Sections 103(a), and 274A(h)(3) of the Immigration and Nationality Act (INA) generally authorize the Secretary to provide for employment authorization for aliens in the United States. In addition, section 214(a)(1) of the INA authorizes the Secretary to prescribe regulations setting terms and conditions of admission of nonimmigrants.
In enacting the American Competitiveness in the Twenty-First Century Act of 2000 (AC21), Congress was especially concerned with avoiding the disruption to U.S. businesses caused by the required departure of H-1B nonimmigrant workers (for whom the businesses intended to file employment-based immigrant visa petitions) upon the expiration of workers' maximum 6-year period of authorized stay. See S. Rep. No. 106-260, at 15 (2000). DHS rejected this alternative as overbroad, since such an alternative would offer eligibility for employment authorization to those spouses of nonimmigrant workers who have not taken steps to demonstrate a desire to continue to remain in and contribute to the U.S. economy by seeking lawful permanent residence.
Anticipated Costs and Benefits:
The changes would impact spouses of H-1B workers who have been admitted or have extended their stay under the provisions of AC21 or who have an approved Immigrant Petition for Alien Worker, Form I-140. This population would include H-4 dependent spouses of H-1B nonimmigrants if the H-1B nonimmigrants are either the beneficiaries of an approved Immigrant Petition for Alien Worker, Form I-140, or have been granted an extension of their authorized period of admission in the United States under the AC21, amended by the 21st Century Department of Justice Appropriations Authorization Act. The costs of the rule stem from filing fees and the opportunity costs of time associated with filing an Application for Employment Authorization for those eligible H-4 spouses who decide to seek employment while residing in the United States. Allowing certain H-4 spouses the opportunity to work results in a negligible increase to the overall domestic labor force. The benefits of this rule would accrue to U.S. employers and the U.S. economy by increasing the likelihood of retaining highly-skilled persons who intend to adjust to lawful permanent resident status. This is important when considering the contributions of these individuals to the U.S. economy, including advances in entrepreneurial and research and development endeavors, which are highly correlated with overall economic growth and job creation. In addition, the amendments bring U.S. immigration laws more in line with other countries that seek to attract skilled foreign workers.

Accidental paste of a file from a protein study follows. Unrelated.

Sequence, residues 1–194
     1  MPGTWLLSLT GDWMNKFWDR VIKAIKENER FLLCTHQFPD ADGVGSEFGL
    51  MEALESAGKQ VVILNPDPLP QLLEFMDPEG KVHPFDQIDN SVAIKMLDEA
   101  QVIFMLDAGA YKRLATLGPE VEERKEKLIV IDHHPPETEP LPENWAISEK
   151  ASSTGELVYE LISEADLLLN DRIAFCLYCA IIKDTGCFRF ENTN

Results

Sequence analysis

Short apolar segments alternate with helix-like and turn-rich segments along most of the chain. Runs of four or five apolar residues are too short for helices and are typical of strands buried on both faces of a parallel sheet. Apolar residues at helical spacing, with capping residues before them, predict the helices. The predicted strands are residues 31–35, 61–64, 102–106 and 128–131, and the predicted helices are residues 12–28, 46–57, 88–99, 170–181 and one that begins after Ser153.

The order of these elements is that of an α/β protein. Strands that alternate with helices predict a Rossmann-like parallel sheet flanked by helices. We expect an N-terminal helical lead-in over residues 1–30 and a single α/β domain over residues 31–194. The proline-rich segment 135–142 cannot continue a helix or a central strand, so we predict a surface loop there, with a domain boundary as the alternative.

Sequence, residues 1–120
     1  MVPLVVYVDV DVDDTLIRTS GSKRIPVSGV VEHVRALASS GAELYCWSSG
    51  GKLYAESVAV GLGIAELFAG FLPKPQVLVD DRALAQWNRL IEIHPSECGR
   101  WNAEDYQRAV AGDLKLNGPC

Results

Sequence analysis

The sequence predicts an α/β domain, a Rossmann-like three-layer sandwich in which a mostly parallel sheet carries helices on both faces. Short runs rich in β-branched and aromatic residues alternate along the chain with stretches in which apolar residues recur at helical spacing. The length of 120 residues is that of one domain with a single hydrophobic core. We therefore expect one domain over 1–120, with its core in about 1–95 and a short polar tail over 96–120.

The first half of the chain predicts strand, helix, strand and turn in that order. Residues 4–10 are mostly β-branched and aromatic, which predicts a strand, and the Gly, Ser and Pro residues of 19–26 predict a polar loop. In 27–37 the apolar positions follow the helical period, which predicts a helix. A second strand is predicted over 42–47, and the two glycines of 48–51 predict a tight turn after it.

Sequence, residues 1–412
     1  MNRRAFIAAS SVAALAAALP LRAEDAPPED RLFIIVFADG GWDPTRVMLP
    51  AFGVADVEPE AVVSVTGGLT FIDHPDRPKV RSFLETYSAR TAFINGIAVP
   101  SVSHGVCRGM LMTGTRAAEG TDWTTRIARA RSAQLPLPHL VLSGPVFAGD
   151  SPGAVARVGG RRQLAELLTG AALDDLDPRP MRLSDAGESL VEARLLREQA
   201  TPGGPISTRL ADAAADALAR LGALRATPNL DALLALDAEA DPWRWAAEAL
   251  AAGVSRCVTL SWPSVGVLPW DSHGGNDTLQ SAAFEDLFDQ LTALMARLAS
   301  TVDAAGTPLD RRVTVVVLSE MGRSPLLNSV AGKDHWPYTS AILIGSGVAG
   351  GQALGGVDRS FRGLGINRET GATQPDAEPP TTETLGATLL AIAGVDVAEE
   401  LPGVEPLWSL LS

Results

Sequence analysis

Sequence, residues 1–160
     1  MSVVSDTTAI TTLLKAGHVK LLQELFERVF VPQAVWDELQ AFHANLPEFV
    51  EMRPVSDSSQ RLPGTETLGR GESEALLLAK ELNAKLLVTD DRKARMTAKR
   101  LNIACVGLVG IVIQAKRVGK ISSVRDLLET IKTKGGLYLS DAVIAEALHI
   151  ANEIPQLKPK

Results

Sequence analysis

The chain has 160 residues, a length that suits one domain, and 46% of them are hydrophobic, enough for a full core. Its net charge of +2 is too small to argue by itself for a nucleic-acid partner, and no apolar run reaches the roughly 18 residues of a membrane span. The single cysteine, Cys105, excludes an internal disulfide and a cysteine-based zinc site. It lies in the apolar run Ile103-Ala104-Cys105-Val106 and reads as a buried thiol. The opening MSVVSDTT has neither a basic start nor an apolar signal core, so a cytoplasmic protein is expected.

|Additional Information: Includes Retrospective Review under E.O. 13563.|
|Regulatory Flexibility Analysis Required: No||Government Levels Affected: None|
|Small Entities Affected: No||Federalism: No|
|Included in the Regulatory Plan: Yes|
|International Impacts: This regulatory action will be likely to have international trade and investment effects, or otherwise be of international interest.|
|RIN Data Printed in the FR: No|
Lori S. MacKenzie
Division Chief, Operations Policy & Performance
Department of Homeland Security
U.S. Citizenship and Immigration Services
Office of Policy and Strategy, 20 Massachusetts Avenue, NW.,
Washington, DC 20529-2140